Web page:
Back to the Spurs. In additional moves, they locked-in old realiables Kawhi Leonard for the next 5 years at $18M a year, Danny Green for the next 4 years at $11.25M a year, and Manu Ginobili for $2.85M a year. This organization know how to take care one of their own and their own know how to blend with the organization’s mission and vision.
They are the anti-Danny Ainge Celtics of the Paul Pierce era. The current Celtics seem not to know how to blend Oldies with Newbies. Ainge, in all his wisdom, seem to not care about how to enter to championship discussions while retaining their aging veterans. He even insinuated that he would have traded Celtic legend Larry Bird earlier in his career. It is never a good basketball decision to dump an aging superstar when a team can actually still win with him when all he has to do is go along with some new blood as the Spurs are showing us now.
After their success in 2008, the Celtics let defense specialists Tony Allen and James Posey walk away, which became a critical reason in their failure to retain the crown. The Lebron James led Cavaliers eliminated the Celtics that year and with T. Allen and Posey, the result should have been different. In 2011, the Celtics traded a vital rotation member Kendrick Perkins when they are in position to take a second championship in the 2000’s for supposed future Pierce substitute Jeff Green. They lost that chance when the O’neals, Shaquille and Jermaine, broke down towards the playoff stretch without any viable back-up and they eventually shipped out Green last year.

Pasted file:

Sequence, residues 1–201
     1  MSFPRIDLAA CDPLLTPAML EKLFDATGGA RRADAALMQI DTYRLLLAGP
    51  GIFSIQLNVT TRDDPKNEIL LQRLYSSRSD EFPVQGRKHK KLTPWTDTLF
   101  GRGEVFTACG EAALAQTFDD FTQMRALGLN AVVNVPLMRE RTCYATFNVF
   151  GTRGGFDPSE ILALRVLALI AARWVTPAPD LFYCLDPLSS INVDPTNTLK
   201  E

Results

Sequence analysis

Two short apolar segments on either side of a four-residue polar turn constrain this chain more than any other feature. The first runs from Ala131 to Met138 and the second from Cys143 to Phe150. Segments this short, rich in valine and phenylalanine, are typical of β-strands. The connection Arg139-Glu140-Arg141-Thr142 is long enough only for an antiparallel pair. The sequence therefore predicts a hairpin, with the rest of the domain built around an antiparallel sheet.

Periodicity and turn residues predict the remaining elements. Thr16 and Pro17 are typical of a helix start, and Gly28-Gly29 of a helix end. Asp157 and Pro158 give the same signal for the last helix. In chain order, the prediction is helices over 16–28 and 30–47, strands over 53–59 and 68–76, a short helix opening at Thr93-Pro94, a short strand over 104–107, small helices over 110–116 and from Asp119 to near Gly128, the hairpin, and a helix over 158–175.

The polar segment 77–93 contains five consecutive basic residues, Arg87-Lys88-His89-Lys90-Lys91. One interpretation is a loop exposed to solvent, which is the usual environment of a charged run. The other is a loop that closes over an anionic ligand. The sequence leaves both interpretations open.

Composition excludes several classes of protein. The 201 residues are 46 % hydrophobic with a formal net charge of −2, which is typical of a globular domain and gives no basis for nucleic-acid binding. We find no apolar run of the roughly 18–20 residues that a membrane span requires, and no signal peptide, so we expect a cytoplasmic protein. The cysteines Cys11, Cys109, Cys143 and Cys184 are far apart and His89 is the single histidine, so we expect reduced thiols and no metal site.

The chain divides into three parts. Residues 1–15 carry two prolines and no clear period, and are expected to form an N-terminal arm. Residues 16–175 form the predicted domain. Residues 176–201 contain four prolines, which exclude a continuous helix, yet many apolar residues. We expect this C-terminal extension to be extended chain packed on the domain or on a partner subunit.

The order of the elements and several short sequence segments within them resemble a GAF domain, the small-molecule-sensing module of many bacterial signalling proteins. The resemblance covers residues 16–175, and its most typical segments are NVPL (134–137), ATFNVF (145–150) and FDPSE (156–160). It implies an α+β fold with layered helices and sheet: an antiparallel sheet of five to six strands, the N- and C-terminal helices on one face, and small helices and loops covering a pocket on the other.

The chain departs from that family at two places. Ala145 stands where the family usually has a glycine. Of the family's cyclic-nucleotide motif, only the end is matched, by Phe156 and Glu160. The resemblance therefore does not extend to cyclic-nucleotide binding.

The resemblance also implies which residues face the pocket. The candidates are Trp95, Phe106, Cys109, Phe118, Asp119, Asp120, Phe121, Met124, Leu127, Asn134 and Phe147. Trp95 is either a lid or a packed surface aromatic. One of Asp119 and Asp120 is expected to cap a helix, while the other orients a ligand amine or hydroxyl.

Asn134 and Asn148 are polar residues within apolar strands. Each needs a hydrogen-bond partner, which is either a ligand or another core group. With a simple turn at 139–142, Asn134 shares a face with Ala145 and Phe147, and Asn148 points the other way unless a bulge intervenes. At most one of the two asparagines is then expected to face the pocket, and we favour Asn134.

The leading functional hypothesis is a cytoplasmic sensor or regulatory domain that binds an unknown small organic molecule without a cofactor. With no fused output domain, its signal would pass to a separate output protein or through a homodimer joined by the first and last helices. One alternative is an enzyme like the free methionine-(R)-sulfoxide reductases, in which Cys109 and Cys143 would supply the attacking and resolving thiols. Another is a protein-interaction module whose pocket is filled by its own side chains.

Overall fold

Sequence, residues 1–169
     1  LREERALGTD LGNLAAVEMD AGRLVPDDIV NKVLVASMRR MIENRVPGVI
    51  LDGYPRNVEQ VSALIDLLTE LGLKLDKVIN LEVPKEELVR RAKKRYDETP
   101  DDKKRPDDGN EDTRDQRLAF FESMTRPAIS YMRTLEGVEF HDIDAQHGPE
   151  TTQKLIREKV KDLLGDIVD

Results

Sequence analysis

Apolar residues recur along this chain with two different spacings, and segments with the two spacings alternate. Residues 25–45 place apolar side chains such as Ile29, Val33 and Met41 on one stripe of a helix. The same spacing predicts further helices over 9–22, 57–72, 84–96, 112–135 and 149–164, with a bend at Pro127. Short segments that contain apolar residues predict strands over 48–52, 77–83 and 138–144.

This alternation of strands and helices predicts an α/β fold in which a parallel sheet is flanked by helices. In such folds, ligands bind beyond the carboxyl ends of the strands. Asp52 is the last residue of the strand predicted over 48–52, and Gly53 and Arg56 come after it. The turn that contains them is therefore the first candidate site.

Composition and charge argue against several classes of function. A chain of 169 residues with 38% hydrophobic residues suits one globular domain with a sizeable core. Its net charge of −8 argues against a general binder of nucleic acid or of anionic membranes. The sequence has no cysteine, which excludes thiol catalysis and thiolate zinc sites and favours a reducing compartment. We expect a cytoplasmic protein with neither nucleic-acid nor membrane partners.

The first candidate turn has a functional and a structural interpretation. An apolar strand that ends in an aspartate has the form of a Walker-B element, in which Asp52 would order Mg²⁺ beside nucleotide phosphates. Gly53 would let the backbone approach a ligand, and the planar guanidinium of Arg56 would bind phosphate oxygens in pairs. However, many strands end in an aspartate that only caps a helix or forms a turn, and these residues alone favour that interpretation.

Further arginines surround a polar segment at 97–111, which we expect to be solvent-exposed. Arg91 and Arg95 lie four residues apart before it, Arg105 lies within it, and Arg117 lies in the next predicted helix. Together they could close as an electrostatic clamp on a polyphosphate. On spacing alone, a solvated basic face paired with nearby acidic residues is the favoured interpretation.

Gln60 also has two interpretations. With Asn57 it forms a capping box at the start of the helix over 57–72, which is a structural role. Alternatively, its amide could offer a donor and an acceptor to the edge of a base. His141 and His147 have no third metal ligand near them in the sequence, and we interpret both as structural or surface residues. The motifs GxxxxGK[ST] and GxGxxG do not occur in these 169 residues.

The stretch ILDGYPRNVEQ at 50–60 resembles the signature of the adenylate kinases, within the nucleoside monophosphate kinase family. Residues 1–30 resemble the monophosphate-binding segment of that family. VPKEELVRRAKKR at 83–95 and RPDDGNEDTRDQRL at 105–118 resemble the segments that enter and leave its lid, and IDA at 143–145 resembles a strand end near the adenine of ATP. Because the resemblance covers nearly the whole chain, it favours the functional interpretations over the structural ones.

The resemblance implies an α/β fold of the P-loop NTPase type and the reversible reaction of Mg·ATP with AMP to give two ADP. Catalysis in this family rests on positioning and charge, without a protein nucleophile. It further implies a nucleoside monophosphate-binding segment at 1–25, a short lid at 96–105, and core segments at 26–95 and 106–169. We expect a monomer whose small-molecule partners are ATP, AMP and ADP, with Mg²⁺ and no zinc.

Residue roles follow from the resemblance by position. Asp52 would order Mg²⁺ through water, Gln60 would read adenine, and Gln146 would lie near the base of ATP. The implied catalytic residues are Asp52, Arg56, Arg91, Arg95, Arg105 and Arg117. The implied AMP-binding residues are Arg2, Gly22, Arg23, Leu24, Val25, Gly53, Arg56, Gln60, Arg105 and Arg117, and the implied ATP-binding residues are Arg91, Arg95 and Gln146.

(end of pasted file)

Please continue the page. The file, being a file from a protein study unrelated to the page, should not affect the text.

Then they let Ray Allen walk away in after the 2011 season supposedly to please their Point Guard of the future, Rajon Rondo. Allen became instrumental in Miami’s championship run (who could forget his key triple in Game Six against San Antonio) while Rondo is not anymore in Celtic green. He is now having trouble finding a new home as his ability to lead a team is in shambles. Finally, they emptied the bucket by trading cornerstones, The Truth and Kevin Garnett, to the Nets for absolutely nothing last 2013. Both players, though aging, still showed they can play. They lead the Nets to a second round playoffs appearance via an upset of favored Toronto in the first round. Pierce just gutted the better seeded Raptors a second time in a row during the first round this year by virtue of leading his Wizards over the Raptors.
Both players got fresh contracts, Garnett, a two year $8.25M a year with the Timberwolves and Pierce, a 3 year, $3.53M per year deal with the Clippers to play starting along with the possibility a second championship trophy.
The disloyal Celtics, on the other hand, stayed true in their premature rebuilding of their team through the draft, although they recently got undersized centers Amir Johnson and 2015 champion David Lee. Their season last year seems to reveal that they are one or two good trades away from becoming relevant again.
That being said, Spurs fans absolutely got the elation this week as San Antonio is not going anywhere for a long, long time.